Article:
Introduction: Tripod Light

Picture of Tripod Light

These tripod lights work wonderfully for locating (and not tripping over) your tripod, as well as for reading maps, star charts, assembling gear, and making yourself visible to vehicular traffic.

I decided to build a lighting system for my tripod after "losing" my tripod while watching a meteor shower in a dark sky preserve, man was it ever dark! Even using my very bright torch flashlight, my cousin and I spent a lot of time wandering around, and almost found the tripod by running into it.

The red light functionality of this model does not have a major effect on your night vision, allowing continuous viewing of the stars. The LED's can also be set to flash to scare off animals and to make the tripod VERY visible (warning if your photos are not timed in sync with the LED's it can cause fluctuations in the light levels).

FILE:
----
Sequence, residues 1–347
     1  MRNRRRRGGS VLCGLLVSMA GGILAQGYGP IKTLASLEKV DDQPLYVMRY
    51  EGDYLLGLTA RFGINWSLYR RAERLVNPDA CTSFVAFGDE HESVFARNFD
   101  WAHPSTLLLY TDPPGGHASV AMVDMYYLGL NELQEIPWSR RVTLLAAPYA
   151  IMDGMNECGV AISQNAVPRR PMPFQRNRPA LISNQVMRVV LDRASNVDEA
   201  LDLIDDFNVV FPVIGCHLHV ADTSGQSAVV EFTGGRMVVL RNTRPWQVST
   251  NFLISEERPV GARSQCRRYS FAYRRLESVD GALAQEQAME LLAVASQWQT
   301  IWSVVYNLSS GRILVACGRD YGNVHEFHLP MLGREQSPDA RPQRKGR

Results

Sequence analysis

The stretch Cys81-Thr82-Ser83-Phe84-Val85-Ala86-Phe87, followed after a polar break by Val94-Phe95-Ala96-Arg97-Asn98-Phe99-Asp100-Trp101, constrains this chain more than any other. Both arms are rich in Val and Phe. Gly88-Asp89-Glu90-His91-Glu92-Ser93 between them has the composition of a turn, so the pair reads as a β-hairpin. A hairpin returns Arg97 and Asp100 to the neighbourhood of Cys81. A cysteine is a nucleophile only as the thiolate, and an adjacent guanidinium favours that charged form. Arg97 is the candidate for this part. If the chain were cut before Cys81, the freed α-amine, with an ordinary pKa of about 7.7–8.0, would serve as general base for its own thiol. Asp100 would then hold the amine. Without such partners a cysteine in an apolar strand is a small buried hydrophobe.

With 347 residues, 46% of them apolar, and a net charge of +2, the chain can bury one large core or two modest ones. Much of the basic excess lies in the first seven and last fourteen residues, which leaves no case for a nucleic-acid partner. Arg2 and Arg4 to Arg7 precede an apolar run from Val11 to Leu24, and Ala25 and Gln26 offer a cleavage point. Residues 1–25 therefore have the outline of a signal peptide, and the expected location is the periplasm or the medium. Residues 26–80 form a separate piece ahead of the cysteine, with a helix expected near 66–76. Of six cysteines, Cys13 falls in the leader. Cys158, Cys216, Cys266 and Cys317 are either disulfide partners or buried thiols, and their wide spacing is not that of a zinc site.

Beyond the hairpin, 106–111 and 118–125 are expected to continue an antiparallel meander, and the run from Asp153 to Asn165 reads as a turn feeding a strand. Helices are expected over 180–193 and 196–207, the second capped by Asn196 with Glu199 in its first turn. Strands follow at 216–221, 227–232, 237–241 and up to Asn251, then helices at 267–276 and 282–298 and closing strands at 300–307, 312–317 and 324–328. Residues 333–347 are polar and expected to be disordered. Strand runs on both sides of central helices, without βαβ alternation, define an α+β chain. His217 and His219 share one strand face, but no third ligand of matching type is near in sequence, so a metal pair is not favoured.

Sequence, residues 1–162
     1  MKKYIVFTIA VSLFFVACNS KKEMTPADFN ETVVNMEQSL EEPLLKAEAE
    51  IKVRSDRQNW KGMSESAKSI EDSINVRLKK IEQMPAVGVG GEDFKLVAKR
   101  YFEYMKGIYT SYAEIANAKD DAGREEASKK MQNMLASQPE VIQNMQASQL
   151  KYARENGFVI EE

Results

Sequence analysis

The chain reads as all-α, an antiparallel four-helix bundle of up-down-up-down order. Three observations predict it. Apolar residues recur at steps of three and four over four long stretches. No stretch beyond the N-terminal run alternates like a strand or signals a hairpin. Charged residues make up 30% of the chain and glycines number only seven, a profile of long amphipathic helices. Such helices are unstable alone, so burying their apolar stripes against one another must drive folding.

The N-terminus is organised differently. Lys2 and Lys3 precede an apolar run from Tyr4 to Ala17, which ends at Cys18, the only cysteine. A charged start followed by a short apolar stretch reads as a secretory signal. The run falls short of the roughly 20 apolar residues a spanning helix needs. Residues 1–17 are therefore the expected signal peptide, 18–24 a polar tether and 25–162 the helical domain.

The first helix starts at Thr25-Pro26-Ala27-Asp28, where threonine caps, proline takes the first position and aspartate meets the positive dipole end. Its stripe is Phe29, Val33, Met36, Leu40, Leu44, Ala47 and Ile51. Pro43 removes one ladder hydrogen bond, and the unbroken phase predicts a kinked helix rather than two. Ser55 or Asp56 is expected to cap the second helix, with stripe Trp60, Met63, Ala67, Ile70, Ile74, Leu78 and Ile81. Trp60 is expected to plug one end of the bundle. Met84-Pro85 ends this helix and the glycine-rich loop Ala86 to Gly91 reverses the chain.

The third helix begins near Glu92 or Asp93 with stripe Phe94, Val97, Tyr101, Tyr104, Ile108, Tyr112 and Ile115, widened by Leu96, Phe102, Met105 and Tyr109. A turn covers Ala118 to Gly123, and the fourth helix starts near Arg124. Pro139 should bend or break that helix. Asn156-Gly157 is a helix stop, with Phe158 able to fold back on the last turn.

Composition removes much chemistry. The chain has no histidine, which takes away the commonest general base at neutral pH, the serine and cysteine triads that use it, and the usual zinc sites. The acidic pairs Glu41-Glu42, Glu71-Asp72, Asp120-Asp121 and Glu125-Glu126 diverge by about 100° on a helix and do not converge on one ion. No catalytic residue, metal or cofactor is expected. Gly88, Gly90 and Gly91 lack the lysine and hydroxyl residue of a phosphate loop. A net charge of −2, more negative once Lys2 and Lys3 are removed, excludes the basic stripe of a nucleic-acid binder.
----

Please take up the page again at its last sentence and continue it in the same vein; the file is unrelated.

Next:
The music used in this video is composed by my good friend BrayX4, make sure to check it out on sound cloud!
https://soundcloud.com/brayx4/creative-inspiration

A huge thank you to Instructables, AutoDesk, MediaTek, and Penolopy Bulnick for sending me the Link It One used in this instructable.



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Step 1: Wiring Harness

Picture of Wiring Harness

The purpose of the wiring harness is to run all three LED strips in parallel. First split and strip the leads from the LED strip connector.

Then cut and strip three pieces of each color of wire (color coding is not required but it will save you a lot of hassle).

Twist each color of wire onto the leads of the strip connector, then heat shrink the joint together (you may wish to add solder to the joints for greater rigidity, but solder will also decease the flexibility and vibration tolerance).

Next bundle the wires into three groups of four (one wire of each color in each group) then heat shrink the groups together.

Finally place a large piece of heat shrink covering from the strip connector plug to where the wire groups split off from the main wiring harness.

Step 2: Wiring the LED's